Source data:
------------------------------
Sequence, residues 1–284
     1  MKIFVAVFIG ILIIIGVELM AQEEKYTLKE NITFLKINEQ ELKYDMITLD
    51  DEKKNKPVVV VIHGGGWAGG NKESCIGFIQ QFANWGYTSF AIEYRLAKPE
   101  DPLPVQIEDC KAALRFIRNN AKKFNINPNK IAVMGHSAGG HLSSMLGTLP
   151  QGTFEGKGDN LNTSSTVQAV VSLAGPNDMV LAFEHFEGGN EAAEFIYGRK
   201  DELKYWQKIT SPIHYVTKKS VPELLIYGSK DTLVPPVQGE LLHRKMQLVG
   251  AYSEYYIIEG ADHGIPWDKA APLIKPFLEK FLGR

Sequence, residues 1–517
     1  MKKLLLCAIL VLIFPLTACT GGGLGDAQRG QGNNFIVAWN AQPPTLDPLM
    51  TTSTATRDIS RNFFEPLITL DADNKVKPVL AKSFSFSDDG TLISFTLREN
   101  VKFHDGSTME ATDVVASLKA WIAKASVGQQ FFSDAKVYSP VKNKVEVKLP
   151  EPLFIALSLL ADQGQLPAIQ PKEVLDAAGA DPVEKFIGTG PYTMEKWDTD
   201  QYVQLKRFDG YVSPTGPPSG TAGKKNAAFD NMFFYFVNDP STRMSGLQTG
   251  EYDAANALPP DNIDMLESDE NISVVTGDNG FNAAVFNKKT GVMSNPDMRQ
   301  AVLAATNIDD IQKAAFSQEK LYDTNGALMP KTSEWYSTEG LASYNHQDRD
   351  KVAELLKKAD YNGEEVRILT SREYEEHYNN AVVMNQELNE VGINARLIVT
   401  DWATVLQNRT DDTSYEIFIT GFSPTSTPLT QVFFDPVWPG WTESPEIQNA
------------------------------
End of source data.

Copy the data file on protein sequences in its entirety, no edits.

Sequence, residues 1–284
     1  MKIFVAVFIG ILIIIGVELM AQEEKYTLKE NITFLKINEQ ELKYDMITLD
    51  DEKKNKPVVV VIHGGGWAGG NKESCIGFIQ QFANWGYTSF AIEYRLAKPE
   101  DPLPVQIEDC KAALRFIRNN AKKFNINPNK IAVMGHSAGG HLSSMLGTLP
   151  QGTFEGKGDN LNTSSTVQAV VSLAGPNDMV LAFEHFEGGN EAAEFIYGRK
   201  DELKYWQKIT SPIHYVTKKS VPELLIYGSK DTLVPPVQGE LLHRKMQLVG
   251  AYSEYYIIEG ADHGIPWDKA APLIKPFLEK FLGR

Sequence, residues 1–517
     1  MKKLLLCAIL VLIFPLTACT GGGLGDAQRG QGNNFIVAWN AQPPTLDPLM
    51  TTSTATRDIS RNFFEPLITL DADNKVKPVL AKSFSFSDDG TLISFTLREN
   101  VKFHDGSTME ATDVVASLKA WIAKASVGQQ FFSDAKVYSP VKNKVEVKLP
   151  EPLFIALSLL ADQGQLPAIQ PKEVLDAAGA DPVEKFIGTG PYTMEKWDTD
   201  QYVQLKRFDG YVSPTGPPSG TAGKKNAAFD NMFFYFVNDP STRMSGLQTG
   251  EYDAANALPP DNIDMLESDE NISVVTGDNG FNAAVFNKKT GVMSNPDMRQ
   301  AVLAATNIDD IQKAAFSQEK LYDTNGALMP KTSEWYSTEG LASYNHQDRD
   351  KVAELLKKAD YNGEEVRILT SREYEEHYNN AVVMNQELNE VGINARLIVT
   401  DWATVLQNRT DDTSYEIFIT GFSPTSTPLT QVFFDPVWPG WTESPEIQNA